By: Carmel V. Abao (rappler.com)
Was it right or wrong for Presidential Spokesperson Salvador Panelo to forward the written plea for clemency of convicted rapist-murderer Antonio Sanchez to the Board of Pardons and Parole (BPP)? Was Senator Bato dela Rosa right or wrong in claiming that it’s acceptable for policemen to accept gifts?
These recent controversies have sparked public debates about what is proper and improper behavior in and outside of government.
In this piece, I argue that what is proper and improper behavior in government and in society depends to a large extent on our understanding of what should be considered “public,” “private” and when the public and the private should be linked or de-linked.
I further argue that many of the problems that we face in Philippine society today have to do with our fragmented – and oftentimes convoluted – understanding of these concepts.
Mandates and favors
Panelo has been insisting that he did nothing wrong when he forwarded the written plea of the family of the convicted Sanchez to the BPP because this was just standard practice. Panelo claimed that Sanchez’s letter was just one of the many letters that his office often forwards to other government agencies. No less than President Rodrigo Duterte supported this claim, saying that Panelo did the right thing to send the letter to “the proper entity.”
The elephant in the room is the fact that Secretary Panelo is the President’s spokesperson and Chief Legal Counsel. Spokespersons are supposed to work with the political communications team, not the BPP.
What Panelo did then was a favor, not a mandated task. That he was a former lawyer aiding a former client beyond his mandate clearly puts himself in a conflict-of-interest situation. That he apparently forwarded the letter of just one convict and not all possible convicts already smacks of favoritism or of doing someone a favor. But nobody seems to be pointing this out. For many Filipinos, it is a trivial thing: “Wala ‘yun. Maliit na bagay ‘yun.”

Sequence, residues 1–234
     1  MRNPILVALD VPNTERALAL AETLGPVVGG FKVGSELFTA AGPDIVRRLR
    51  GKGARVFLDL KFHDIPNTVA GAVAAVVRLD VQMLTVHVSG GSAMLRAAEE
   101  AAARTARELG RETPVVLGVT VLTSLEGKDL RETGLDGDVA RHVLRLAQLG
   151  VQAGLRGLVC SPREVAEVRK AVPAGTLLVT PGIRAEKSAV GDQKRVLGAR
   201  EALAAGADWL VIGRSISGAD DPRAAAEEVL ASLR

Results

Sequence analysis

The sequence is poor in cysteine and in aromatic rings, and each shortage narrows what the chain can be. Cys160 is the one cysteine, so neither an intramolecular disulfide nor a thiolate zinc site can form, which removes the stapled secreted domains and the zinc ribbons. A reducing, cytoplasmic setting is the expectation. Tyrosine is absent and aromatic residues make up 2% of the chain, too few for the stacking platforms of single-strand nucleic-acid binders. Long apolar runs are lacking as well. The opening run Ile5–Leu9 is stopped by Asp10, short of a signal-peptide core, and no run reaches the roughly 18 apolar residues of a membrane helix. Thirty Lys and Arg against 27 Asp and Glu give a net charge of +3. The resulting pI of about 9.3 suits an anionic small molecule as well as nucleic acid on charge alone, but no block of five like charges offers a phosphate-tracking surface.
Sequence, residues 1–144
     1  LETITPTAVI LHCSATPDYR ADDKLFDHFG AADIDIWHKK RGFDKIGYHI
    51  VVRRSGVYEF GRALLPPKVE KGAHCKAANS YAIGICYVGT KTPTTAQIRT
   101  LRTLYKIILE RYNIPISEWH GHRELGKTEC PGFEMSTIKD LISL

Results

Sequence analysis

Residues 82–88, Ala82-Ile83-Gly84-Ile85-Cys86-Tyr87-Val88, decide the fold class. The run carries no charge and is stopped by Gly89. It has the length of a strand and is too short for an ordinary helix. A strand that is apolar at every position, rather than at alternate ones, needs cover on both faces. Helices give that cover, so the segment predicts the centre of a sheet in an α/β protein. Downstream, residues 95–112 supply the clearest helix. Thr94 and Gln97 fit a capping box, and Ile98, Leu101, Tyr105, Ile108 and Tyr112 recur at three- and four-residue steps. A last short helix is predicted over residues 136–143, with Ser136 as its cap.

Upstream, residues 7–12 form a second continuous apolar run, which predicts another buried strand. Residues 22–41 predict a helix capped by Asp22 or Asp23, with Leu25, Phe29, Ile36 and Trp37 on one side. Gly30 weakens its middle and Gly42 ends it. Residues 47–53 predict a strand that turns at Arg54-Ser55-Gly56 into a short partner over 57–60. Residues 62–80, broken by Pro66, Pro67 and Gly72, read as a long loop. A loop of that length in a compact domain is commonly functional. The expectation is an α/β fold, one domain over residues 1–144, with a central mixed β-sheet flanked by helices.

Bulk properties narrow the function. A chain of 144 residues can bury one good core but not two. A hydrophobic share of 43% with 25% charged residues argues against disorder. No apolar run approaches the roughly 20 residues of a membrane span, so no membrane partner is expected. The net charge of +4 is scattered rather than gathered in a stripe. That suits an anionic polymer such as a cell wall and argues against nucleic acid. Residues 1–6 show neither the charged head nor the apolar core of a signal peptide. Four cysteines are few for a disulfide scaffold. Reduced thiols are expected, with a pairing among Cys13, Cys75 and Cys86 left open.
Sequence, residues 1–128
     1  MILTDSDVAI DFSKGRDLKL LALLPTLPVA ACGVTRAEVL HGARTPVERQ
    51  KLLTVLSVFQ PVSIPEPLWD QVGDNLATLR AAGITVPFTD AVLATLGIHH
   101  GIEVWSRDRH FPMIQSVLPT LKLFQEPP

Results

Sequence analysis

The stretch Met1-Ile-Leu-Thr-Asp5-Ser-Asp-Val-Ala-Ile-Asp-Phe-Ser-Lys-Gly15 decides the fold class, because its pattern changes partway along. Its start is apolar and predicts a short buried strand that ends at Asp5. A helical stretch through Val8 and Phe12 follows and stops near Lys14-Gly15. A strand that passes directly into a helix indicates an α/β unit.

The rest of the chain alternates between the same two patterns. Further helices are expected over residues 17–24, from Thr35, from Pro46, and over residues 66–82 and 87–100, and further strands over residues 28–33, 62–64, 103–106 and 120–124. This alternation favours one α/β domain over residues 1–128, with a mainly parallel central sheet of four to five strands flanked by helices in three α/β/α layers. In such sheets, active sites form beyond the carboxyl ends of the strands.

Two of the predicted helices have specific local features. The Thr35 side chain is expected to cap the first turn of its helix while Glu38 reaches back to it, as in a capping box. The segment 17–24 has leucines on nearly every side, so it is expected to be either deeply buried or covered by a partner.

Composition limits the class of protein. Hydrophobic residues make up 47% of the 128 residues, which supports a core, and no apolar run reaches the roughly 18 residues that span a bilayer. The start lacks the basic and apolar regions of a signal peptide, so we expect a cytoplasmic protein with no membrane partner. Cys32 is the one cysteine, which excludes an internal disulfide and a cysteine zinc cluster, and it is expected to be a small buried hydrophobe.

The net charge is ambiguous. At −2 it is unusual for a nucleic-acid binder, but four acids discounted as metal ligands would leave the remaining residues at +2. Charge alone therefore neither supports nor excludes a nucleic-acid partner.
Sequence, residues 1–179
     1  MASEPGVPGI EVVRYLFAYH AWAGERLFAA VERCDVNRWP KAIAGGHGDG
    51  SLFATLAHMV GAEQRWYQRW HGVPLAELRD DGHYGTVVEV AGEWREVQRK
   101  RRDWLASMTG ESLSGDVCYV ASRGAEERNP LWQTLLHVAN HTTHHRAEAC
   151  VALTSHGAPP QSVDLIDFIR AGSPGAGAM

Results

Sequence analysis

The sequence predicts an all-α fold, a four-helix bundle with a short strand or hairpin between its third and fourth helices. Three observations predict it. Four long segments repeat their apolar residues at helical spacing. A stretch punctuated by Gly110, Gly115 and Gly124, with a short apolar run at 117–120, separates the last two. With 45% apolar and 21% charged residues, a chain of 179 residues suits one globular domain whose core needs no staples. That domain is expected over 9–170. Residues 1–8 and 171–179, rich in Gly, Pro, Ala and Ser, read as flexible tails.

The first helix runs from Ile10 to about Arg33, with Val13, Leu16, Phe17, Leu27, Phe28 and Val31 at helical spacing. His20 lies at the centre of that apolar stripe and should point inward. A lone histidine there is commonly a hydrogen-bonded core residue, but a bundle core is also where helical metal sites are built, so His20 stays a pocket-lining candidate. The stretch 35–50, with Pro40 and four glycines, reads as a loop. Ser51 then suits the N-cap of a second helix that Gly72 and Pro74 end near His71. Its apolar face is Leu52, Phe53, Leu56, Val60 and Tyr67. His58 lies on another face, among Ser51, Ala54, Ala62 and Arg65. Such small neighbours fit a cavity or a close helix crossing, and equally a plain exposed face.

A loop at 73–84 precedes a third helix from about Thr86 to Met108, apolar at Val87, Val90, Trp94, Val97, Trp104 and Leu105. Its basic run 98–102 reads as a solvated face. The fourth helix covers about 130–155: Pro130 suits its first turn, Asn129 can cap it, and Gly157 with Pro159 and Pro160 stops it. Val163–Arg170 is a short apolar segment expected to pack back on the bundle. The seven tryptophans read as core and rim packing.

The Panelo incident is not the only time that we see the blurring of the line between “mandates” and “favors.”
When Senator Bong Go insists that it is alright for him to continue his stint as the President’s close-in aide even now that he is a senator, he is actually doing the President (and I guess, himself) a favor and not fulfilling any mandate.
When Senator Bato dela Rosa says gifts to policemen are acceptable, he is actually undermining the principle that people need not be grateful to policemen in that way because that’s what taxes are already for: public safety and protection.
The basic difference between a favor and a mandate is that the former can be withheld while the latter must be fulfilled. The idea of gift-giving suggests that only those who can give gifts can be secured. This is the seed upon which corruption often grows.
Public office as family enterprise
Right after the 2019 elections, pictures of “empty” public offices vacated by losing candidates immediately started circulating in mainstream and social media. The images of public offices stripped of property because these were supposedly “personal” property illustrate the erroneous concept that people can treat public property as personal belongings.
Obviously, what is public is what is paid for by taxpayers’ money and what is private is what is paid for by private individuals or entities. One can understand if a losing mayor brings home his/her personal effects, but to strip an office of all supplies and all property is clearly a breach of one’s mandate.
The overreach of “the personal/the private” is so deeply embedded in our political culture that we can no longer seem to imagine having alternatives to political dynasties. The very notion of a political dynasty suggests an overreach of “the personal” and thereby the distortion of “the public.” (See map of major political clans after the 2019 elections)